• Jaime Lee Lightle

Crossing Canada Day #4: "Inspired by Terry Fox"

Updated: Dec 16, 2021

We continue to chronicle our Cross Canada Journey during a very historical time in our country; during a Global Pandemic and with a Federal Election looming. Welcome back friends....


Jaime Lee Lightle and James Lightle at Ten Mile Point, Manitoulin Island

We woke up early and made out way off Manitoulin Island but not before getting a panoramic photo off the Ten Mile Point (photo above). “We will return to this place for a longer stay and with our bikes” I exclaimed as we drove away. A fella at the campsite we stayed at said you need more than 1 day to discover Manitoulin Island.


Truck-house at Ten Mile Point, Manitoulin Island

The drive from Sault Ste Marie, along Lake Superior was magnificent. Here, highway 17 is sandwiched between the Superior coast and the Great Canadian Shield. The Shield, the mighty, huge range of geological stone that was left after the erosion of the ancient mountains. Lake Superior was vast, like an inland ocean. Upon the higher Rocky altitudes were lakes and islands.



Lake Superior Park, another place to explore at another time. The most expensive gas was before Marathon/ White River: $1.579/L (September 4th, 2021). Schreiber was another town we drove through. We saw their story on Still Standing, a CBC series about Small Towns who are down on their luck but not down for the count, hosted by Jonny Harris.


Hope, British Columbia (2021) by Jaime Lee Lightle

We really started seeing some election signs on this part of the trek. Blue, Purple, and Orange signs doted the small towns and communities in Northern Ontario. Maybe the tides are changing. So far, small town Canada is done seeing Red.


I wrote in our travel journal: “Seeing the power and beauty of Northern Ontario has rekindled my love for this country. And how can you really, fully appreciate this country if you don’t get to experience it - in all its glory?”


At 7:20 PM, 10 minutes before we had to check in at Trowbridge Falls Municipal Park in Thunder Bay Ontario, we made a quick detour to see the Terry Fox Monument.


Fieldstone Campground, Moosomin SK (2021) by Jaime Lee Lightle

Jim writing again,


The drive all along the beautiful rugged coastal landscape of Georgian Bay and Lake Superior put an artistic drive in my gut. Here I am, driving in rain again; a trend for me on this journey. Further north, I noticed a small town called Hawk Junction, a friend I served with in the Military was from there.


Along the trans-Canada Highway, we noticed a different road sign that we haven’t seen before. It was a sign that read: Group of Seven Route on it. Before the time of coloured photographs, and Instagram, artist attempted to capture this route with a painting or sketch. They may not have achieved the true glory of the rocks, the water and the trees but what they did capture, was the spirit of the area and thereby attracting more people to this raw, and wonderful piece of Canada.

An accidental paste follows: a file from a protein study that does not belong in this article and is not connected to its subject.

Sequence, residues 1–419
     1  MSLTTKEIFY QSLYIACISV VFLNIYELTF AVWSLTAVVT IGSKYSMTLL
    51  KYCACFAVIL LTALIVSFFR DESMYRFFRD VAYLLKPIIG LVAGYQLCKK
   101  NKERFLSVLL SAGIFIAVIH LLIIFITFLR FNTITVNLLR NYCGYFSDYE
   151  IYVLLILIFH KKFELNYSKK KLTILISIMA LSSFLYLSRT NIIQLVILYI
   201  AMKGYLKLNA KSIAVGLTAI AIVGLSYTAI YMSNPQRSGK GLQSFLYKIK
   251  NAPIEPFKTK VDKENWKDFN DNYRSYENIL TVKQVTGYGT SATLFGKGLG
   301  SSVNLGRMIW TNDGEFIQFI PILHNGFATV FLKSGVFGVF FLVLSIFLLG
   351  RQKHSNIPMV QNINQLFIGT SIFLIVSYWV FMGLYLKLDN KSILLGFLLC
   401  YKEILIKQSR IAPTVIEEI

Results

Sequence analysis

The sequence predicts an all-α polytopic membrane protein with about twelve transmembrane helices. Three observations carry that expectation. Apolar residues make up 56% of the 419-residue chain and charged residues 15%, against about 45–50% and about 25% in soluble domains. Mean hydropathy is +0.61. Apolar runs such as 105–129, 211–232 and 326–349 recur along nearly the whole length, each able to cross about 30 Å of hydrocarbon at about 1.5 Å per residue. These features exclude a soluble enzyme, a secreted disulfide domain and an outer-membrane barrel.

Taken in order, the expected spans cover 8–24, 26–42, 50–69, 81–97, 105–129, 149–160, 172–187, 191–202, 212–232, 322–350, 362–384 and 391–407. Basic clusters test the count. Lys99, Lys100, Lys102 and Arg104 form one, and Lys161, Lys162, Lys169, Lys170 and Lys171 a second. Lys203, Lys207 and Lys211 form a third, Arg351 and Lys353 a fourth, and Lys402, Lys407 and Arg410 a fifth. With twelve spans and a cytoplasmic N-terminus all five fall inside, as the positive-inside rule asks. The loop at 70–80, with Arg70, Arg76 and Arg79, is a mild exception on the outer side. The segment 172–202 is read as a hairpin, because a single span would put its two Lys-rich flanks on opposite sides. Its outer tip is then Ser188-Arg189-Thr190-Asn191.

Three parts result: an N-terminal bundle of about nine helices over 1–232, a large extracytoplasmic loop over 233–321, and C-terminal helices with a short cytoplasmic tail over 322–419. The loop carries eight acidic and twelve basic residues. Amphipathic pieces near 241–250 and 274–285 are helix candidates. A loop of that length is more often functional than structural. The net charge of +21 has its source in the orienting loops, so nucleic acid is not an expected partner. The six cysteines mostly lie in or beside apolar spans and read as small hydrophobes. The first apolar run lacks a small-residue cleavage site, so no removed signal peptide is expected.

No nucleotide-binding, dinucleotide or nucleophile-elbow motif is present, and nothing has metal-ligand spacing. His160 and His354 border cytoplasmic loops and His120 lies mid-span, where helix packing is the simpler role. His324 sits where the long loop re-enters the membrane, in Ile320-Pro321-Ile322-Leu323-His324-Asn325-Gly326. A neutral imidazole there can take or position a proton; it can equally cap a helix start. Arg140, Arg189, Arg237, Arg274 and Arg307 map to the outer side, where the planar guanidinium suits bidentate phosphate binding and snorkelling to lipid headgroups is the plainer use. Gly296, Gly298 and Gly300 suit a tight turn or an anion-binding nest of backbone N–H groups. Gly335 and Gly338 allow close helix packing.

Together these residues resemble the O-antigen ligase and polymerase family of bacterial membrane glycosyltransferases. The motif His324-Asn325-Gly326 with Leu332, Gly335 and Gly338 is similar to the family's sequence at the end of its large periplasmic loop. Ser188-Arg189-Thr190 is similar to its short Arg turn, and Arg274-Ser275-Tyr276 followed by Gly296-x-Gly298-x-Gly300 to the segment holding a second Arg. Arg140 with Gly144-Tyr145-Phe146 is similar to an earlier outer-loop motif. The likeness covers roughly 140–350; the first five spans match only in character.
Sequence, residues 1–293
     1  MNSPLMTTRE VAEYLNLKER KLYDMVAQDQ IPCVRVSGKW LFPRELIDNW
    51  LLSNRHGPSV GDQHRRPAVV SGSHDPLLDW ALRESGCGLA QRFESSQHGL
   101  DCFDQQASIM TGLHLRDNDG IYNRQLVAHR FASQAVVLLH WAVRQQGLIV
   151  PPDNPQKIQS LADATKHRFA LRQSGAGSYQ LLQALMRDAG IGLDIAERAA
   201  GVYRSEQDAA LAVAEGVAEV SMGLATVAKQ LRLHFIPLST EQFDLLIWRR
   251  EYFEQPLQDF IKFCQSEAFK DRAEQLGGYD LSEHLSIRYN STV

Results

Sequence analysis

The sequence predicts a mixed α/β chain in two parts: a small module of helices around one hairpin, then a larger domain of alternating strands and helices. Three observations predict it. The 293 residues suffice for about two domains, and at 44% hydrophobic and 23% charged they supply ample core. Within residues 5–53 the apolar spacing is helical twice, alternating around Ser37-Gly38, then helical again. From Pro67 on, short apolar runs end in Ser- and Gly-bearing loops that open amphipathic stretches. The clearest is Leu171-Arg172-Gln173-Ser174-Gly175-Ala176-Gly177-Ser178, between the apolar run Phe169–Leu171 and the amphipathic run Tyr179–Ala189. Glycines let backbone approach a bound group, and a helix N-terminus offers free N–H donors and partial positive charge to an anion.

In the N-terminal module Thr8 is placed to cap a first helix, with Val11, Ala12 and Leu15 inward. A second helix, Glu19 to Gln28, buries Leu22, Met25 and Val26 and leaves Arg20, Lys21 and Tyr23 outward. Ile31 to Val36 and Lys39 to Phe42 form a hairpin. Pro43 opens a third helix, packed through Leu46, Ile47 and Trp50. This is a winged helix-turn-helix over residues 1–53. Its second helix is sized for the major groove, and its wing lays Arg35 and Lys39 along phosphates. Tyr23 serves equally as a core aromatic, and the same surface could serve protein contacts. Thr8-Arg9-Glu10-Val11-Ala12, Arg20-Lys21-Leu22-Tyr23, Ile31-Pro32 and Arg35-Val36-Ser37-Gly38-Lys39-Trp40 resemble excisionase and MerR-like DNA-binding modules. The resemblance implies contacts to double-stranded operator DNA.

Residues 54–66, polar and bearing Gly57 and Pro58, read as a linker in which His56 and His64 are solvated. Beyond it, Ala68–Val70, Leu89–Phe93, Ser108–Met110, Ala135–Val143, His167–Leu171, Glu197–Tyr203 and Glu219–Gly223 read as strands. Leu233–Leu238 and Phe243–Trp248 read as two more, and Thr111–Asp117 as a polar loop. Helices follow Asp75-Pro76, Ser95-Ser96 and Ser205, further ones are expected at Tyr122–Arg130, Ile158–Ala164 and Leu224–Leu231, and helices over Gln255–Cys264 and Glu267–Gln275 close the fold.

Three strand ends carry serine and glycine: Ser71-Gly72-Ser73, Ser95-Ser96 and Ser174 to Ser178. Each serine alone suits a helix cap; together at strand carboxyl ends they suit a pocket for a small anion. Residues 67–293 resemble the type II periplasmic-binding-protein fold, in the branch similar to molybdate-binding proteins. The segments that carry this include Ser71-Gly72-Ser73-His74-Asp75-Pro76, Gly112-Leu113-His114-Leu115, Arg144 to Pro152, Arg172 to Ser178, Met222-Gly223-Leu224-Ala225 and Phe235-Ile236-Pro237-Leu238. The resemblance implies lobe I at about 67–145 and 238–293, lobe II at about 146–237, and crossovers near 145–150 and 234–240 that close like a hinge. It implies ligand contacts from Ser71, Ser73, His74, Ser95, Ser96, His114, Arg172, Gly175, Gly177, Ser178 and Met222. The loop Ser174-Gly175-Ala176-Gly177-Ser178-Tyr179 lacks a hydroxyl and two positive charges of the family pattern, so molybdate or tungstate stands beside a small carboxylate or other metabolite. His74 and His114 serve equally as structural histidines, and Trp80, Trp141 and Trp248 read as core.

Group of Seven Route (Tans Canada Highway)

Onward, the trans-Canada lead us to yet another place of significance that an entire Nation watched in 1980. As a Canadian child you know who Terry Fox is and you know that this young man put his best effort when fighting Cancer. My parents would always tell us the story when we were kids about passing Terry Fox on the highway in New Brunswick.

There was a video that was showed at our school assemblies of Terry having to call an end to the Marathon of Hope in Thunder Bay. His voice cracking from trying to hold back tears, knowing that he must stop his journey even though he wanted to continue. That is a true Canadian Hero. His monument, just before Thunder Bay overlooks Lake Superior and is a beautiful setting for this hero. He ran the Marathon of Hope in 1980, it is now 2021. As we stood there, I thought about that day, 41 years ago when he stopped here at this spot. Even though Terry Fox is gone, his marathon continues today in every school, town, and City in over 60 countries of the world.


Cancer affects more and more people every day. We had just dealt with a huge blow from Cancer in 2019 ourselves with the loss of Jaime’s mother Debbie. Debbie’s legacy of love, of life and of travel is now passed down to her Children who will continue to move forward in her spirit just as Terry Fox has moved thousands of others to do the same.


As we left the Terry Fox Monument and made our way to camp only 5 kms away, the sky suddenly changed. Large, dark clouds rolled in from the North and the wind picked up. We wanted to get to camp before God opened the floodgates. Our very first time in Thunder Bay and it measured up to its namesake. We had just enough time to put the camper’s jack posts down at our site before the heavens let us have it. We had our supper in our cozy truck-house listening to the rain. Once the rain let up, we built a fire and went to bed as the sun went down. Tomorrow will be another day.


Here is a reflection from Buckminster Fuller, who was the discoverer/inventory of the geodesic dome. He was fond of stating that what seems to be happening at the moment is never the full story of what is really going on. He liked to point out that for the honey bee, it is the honey that is important. But the bee is at the same time nature’s vehicle for carrying out cross-pollination of the flowers. Interconnectedness is a fundamental principle of nature. Nothing is isolated. Each event connects with others. Things are constantly unfolding on different levels. It’s for us to perceive the warp and woof of it as best we can and learn to follow our own thread through the tapestry of life with authenticity to resolve. (Kabat-Zinn, 1994, 208).

[Images left to right: Near Montebello Quebec by James C E Lightle; Algonquin Park by James C E Lightle]


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